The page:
In an accompanying statement of charges, the school district stated that Baez had used school district resources and equipment to have personal e-mail exchanges with Jellison in violation of school district policy and had falsely represented to the school district’s investigator that she was offended by the communications when she was in fact an active and willing participant.
After receiving notice of the demotion, Baez decided not to return to work from her leave of absence, and the school district terminated her employment.
The following month, the school district disciplined Jellison for misusing school district resources and equipment in his e-mail correspondence with Baez. His job title was changed from chief facilities officer to senior director of facilities, and his salary was reduced. However, his job responsibilities and reporting structure remained the same.
After Baez’s employment was terminated, Jellison’s former salary was reinstated, but his job title wasn’t restored, and he later resigned. He was never disciplined by the school district for any misconduct related to the July 26 incident.
The jury’s verdict
At the end of the third trial, the jury returned a verdict in favor of Baez on her sexual harassment claim against the school district and Jellison and awarded her $199,400 in damages. The jury returned a verdict in favor of Jellison on the claims for battery, false imprisonment, and intentional infliction of emotional distress. The jury also returned a verdict in favor of the school district on its cross-claim against Baez for intentional misrepresentation and awarded the district $19,501 in damages.
Following the jury’s verdict, Baez filed a motion requesting her attorneys’ fees and costs as a prevailing plaintiff under the FEHA. The trial court awarded her $3,224,569 in attorneys’ fees. The school district and Jellison appealed the judgment in Baez’s favor and the postjudgment orders awarding her attorneys’ fees and costs.
Appeal of evidentiary rulings
On appeal, the school district and Jellison contended that the trial court improperly admitted evidence of Sandhu’s findings and opinions on credibility during her investigation into Baez’s sexual harassment complaint. They argued that it was the exclusive role of the jury to evaluate the credibility of witnesses.
The appellate court disagreed, finding that such evidence was properly admitted because the school district asserted as a defense at trial that it had properly and timely investigated the sexual harassment complaint.
The school district and Jellison also argued that the trial court improperly excluded evidence of Baez’s marital problems as an alternative source of her alleged damages. The appellate court held that filing the sexual harassment lawsuit didn’t waive Baez’s fundamental right to privacy in her marital relationship.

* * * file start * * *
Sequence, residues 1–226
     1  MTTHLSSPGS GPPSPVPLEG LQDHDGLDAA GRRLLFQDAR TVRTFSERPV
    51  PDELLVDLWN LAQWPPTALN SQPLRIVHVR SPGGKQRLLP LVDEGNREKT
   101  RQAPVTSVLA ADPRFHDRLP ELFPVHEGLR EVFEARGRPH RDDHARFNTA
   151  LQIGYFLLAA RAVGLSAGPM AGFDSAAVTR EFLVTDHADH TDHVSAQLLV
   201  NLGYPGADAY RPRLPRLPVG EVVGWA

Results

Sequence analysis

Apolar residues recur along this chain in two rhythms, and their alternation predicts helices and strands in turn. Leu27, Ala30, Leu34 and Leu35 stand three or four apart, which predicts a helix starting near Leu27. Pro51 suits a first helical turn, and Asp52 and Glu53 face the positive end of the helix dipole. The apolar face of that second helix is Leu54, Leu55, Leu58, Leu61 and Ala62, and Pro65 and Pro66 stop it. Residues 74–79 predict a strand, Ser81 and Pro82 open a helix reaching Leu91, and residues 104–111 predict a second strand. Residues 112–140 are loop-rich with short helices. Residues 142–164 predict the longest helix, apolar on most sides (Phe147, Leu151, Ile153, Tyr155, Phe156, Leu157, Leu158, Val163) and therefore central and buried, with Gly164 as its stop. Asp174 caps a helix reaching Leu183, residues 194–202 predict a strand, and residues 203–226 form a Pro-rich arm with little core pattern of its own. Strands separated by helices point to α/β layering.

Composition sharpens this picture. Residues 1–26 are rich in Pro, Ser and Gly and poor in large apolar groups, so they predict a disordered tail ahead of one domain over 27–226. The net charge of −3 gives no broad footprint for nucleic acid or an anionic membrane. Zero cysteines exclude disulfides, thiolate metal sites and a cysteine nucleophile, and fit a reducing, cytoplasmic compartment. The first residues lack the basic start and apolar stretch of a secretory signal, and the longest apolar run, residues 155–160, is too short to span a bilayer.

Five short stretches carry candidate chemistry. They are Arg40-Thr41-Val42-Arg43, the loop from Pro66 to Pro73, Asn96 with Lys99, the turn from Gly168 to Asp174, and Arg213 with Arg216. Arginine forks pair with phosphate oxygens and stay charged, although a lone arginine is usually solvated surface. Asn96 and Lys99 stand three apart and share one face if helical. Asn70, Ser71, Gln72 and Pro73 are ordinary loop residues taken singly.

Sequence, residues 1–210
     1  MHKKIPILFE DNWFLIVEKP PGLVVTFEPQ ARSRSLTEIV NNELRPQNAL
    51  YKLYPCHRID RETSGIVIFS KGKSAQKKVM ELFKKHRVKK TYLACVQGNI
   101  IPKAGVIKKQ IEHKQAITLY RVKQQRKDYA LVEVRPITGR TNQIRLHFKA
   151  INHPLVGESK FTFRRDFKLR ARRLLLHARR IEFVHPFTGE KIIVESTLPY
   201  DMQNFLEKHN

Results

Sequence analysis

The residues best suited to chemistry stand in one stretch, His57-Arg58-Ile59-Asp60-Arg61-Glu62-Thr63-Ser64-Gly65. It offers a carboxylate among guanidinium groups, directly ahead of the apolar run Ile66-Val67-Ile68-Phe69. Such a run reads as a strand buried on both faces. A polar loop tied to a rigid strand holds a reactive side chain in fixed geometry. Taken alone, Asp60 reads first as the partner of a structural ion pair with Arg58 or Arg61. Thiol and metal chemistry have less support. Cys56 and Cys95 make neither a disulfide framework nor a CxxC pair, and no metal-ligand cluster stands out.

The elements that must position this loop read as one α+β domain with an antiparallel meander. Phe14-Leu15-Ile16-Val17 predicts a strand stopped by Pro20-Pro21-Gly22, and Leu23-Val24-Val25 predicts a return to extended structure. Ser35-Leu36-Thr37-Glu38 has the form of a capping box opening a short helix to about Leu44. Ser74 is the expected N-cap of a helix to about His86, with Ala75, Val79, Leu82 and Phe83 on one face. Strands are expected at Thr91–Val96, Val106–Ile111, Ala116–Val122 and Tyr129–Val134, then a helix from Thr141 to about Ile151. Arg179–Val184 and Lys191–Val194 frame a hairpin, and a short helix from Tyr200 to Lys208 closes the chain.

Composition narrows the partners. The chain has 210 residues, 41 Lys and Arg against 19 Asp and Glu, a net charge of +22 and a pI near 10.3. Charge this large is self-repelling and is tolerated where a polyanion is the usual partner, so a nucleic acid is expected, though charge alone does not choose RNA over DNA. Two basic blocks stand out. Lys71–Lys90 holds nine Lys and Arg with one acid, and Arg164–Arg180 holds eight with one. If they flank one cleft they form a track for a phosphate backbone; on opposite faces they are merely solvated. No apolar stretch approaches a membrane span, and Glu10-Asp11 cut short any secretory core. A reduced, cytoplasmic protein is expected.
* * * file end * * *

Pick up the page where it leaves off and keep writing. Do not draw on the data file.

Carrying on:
Further, she didn’t claim any damages for loss of consortium or other special damages related to her marriage. Given the nature of the evidence and the privacy rights involved, the appellate court held that the trial court properly excluded it.
Appeal of attorneys’ fee award
The school district and Jellison also claimed that the trial court erred in awarding attorneys’ fees to Baez for the time her attorneys spent on the first trial because she didn’t prevail in that trial. The appellate court wasn’t persuaded.
As a prevailing party under the FEHA, Baez was entitled to recover attorneys’ fees for all the hours her counsel reasonably spent litigating the action to a successful conclusion, including the time spent litigating the action in the first trial, which she successfully appealed. Baez v. Burbank Unified School Dist. (California Court of Appeal, 2nd Appellate District, 1/25/16, unpublished).
The jury awarded the employee in this case about $200,000 on her sexual harassment claim. Because a prevailing employee in an FEHA case is entitled to attorneys’ fees and the employee went to trial on her claims three times, she recovered more than $3 million in attorneys’ fees.
It isn’t unusual for an attorneys’ fee award to exceed the damages award in FEHA cases. When evaluating your potential liability for FEHA violations, you need to consider the liability for damages as well as attorneys’ fees and costs.
This case also serves as an important reminder that conducting a prompt and thorough investigation into sexual harassment complaints alone is not sufficient. If the investigation reveals that harassment occurred, you must take effective remedial action.
In this case, the investigator found that the alleged harasser likely engaged in some type of sexual assault on July 26, 2006; however, the employer never disciplined him for that conduct. That likely played a role in the eventual outcome of the litigation.